The BBC’s Norman Smith was told live on air that he had to stop filming while a noisy protest unfolded behind him.
The BBC were banned from filming inside the Houses of Parliament lobby today, during a protest by disabled people.
BBC assistant political editor Norman Smith told viewers there had been “a protest by a number of disability protesters inside Central Lobby because of their anger…” before he was interrupted by a parliamentary official.
During the live broadcast, robed member of Parliamentary staff tapped him on the shoulder and ordered him to stop filming while the protest took place.
“Sorry, you’re going to have to stop. You can’t film with this going on in the background,” she said, appearing in-shot.
“It’s part of the rules and conditions of you using this area and you’re not allow to film.”
It came as furious disability campaigners today staged a noisy protest inside Parliament as David Cameron refused to apologise for trying to slash their benefits.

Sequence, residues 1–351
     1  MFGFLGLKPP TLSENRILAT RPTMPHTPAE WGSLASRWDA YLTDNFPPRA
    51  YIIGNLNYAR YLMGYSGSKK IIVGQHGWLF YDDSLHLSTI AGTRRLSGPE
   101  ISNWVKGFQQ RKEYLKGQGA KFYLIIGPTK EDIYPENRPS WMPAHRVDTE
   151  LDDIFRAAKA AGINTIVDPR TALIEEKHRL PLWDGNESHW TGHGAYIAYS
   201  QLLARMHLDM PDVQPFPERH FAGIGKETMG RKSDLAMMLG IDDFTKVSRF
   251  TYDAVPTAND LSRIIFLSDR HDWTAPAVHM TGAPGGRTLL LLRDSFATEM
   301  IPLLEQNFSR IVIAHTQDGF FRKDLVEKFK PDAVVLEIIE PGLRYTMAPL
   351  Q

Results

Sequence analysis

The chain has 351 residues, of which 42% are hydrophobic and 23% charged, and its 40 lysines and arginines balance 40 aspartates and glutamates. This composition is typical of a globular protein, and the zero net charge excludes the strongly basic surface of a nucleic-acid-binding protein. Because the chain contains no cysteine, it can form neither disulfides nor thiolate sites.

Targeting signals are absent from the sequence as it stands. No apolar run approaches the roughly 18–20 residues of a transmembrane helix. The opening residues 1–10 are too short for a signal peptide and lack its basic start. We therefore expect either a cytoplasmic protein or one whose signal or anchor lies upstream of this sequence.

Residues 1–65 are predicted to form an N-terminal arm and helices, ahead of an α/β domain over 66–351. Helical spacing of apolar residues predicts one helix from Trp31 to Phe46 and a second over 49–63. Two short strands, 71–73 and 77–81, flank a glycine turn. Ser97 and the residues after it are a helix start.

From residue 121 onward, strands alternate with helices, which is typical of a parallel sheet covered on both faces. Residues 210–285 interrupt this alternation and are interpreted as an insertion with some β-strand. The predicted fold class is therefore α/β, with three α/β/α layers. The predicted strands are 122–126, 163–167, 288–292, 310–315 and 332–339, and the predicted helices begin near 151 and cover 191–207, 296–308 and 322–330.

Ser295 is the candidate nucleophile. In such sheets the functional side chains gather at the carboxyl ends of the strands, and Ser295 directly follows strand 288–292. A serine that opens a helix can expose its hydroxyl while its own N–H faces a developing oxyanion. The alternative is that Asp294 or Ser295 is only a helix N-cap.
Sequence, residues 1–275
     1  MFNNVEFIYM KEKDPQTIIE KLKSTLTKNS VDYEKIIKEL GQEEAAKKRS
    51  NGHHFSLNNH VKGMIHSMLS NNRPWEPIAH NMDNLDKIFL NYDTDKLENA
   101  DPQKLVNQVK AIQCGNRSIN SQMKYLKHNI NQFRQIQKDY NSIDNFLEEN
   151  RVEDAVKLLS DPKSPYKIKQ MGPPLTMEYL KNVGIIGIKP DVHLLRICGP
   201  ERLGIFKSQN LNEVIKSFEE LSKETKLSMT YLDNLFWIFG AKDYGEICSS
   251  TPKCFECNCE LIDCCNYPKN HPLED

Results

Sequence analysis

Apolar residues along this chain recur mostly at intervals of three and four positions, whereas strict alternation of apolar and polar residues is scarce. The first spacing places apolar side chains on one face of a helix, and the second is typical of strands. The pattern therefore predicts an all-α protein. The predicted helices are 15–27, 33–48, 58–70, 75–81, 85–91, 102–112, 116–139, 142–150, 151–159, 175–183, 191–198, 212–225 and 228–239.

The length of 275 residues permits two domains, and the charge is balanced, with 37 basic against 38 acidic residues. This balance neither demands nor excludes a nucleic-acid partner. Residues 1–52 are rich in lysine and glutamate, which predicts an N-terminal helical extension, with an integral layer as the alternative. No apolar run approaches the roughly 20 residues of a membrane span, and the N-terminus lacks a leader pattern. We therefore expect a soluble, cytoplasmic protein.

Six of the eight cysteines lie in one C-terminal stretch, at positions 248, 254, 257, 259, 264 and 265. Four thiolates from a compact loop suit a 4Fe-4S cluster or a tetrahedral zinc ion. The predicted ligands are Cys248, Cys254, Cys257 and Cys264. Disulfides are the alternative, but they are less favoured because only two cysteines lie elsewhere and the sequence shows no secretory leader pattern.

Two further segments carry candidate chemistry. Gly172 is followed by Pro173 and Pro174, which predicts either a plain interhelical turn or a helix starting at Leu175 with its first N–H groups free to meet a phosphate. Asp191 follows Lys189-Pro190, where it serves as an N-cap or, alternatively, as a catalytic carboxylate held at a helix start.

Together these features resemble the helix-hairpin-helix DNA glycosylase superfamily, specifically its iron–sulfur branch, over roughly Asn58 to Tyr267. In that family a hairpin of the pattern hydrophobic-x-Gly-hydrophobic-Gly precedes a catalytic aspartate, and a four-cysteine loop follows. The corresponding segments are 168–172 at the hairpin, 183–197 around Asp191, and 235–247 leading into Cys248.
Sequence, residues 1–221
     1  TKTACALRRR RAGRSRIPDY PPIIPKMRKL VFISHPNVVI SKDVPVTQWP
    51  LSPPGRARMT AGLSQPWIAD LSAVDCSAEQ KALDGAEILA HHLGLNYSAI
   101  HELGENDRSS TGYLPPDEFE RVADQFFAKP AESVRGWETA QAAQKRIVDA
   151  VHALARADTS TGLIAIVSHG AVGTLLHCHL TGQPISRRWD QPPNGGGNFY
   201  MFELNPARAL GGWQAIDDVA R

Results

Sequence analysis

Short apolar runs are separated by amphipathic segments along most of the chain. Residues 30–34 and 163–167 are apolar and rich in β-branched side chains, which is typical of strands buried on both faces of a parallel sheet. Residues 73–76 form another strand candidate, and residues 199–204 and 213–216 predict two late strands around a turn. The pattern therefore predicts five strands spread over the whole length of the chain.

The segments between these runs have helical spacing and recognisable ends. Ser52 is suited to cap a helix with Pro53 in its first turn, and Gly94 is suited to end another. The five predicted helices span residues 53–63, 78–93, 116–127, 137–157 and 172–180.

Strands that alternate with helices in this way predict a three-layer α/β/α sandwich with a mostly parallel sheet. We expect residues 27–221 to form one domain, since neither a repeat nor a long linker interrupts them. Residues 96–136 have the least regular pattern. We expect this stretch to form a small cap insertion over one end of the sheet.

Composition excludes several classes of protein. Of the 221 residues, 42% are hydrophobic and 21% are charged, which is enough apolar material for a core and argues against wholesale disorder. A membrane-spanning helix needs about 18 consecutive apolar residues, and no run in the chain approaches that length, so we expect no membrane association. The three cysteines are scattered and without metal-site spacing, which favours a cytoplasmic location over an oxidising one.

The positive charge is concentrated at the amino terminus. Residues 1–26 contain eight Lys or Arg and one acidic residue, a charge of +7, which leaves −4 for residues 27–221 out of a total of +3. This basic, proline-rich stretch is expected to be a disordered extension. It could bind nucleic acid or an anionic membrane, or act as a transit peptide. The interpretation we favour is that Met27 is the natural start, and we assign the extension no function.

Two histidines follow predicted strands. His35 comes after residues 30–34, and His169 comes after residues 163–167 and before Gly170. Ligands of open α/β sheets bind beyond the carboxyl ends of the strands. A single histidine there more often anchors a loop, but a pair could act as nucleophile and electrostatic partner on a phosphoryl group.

A line of police blocked the entrance to the House of Commons chamber as around 20 protesters held up banners in Central Lobby and chanted ‘no more death from benefit cuts’.
The protesters were from the Disabled People Against the Cuts as well as others.
The Government has U-turned on planned cuts to PIP but also already passed cuts to the Employment and Support Allowance benefit. The so-called Bedroom Tax also disproportionate affected disabled people, according to official figures.
Broadcasters were ordered to stop filming the protests by the House authorities in a move branded “outrageous” by Opposition MPs.
As we’ve previously reported there have been a number of deaths and suicides as a result of benefit cuts, sanctions and fit for work assessments.
It remains no surprise that the UK Government is under investigation by the United Nations over its mistreatment of sick and disabled people.